Whilst the theme of Celebrity is not a part of the work per se, it is definitely a significant element in the overall creative process. Paul Morrissey, who sold the album to Verve/MGM, claimed that the company signed them only because of the involvement of Nico, a famous German model at the time and Warhol himself.  In effect, Warhol gifted his celebrity and his money to the whole project. Additionally, Warhol’s establishment of the Factory drew many celebrities including Elvis, Bob Dylan and Donovan, which in turn fostered an atmosphere of creativity and provided Warhol with a great deal of notoriety and social currency.

This was not the only instance in which Warhol used bananas as phallic symbols. In the films “Harlot”, “Mario Banana 1 & 2” and others, bananas were utilized in an extremely overt sexual/phallic fashion (Patrick Smith, Warhol: Conversations about the Artist). Similarly, Warhol produced many banana prints independently of this work, a number of which have been sold by Christie's. Billy Name, an archivist at the Factory explains: "Andy had done a series of peeling bananas on white plexiglass and they had nothing to do with the album cover." (cited at http://www.warholstars.org/andywarhol_0112.html).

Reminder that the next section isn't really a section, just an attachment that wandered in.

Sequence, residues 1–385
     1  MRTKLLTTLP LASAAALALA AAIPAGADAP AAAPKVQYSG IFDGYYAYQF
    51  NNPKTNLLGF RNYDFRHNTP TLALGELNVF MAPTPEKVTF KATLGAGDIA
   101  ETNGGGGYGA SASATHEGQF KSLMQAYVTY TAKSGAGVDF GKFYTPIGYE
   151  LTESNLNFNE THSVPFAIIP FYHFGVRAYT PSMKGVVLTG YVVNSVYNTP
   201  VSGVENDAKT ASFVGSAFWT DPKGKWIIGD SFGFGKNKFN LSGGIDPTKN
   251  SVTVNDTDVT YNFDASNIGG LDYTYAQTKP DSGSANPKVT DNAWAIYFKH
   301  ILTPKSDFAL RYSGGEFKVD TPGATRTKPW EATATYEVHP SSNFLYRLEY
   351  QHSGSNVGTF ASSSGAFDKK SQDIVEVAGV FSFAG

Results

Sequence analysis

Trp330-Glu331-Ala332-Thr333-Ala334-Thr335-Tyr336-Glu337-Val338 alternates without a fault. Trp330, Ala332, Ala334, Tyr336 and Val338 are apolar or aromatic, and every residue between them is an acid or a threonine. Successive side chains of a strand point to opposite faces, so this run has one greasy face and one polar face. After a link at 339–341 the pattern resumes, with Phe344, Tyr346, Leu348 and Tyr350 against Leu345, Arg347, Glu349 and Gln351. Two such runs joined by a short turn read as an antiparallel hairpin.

The Banana Cover was just one of 60 album covers that Warhol produced throughout his life. Initially employing the illustrative line technique of his early drawings he created covers for such jazz greats as Thelonius Monk and Count Basie. As he developed his Pop Art silkscreen style Warhol continued to create covers for celebrities such as Paul Anka, John Lennon, The Rolling Stones and Diana Ross.

This particular piece is an archetypical representation of the Pop Art genre, whose emergence in the early 1960s was a reaction to Abstract Expressionism, where artists like Jackson Pollock, Willem de Kooning and other “New York School" members were creating monumental canvases representing the psyche (Stella Paul). Warhol and contemporaries like Roy Lichtenstein and James Rosenquist wanted to create art devoid of emotion and free from human interference. They utilized printmaking techniques, particularly silk-screening, because of its mechanical, mass-produced effect (Heilbrunn Timeline of Art History).

Other artists have created innovative pop art & psychedelic album covers (Peter Blake/Jann Hayworth (Sgt Peppers), Stanley Mouse/Alton Kelley (Grateful Dead) but none have achieved the legendary status and seminal influence of this iconic Warhol masterpiece.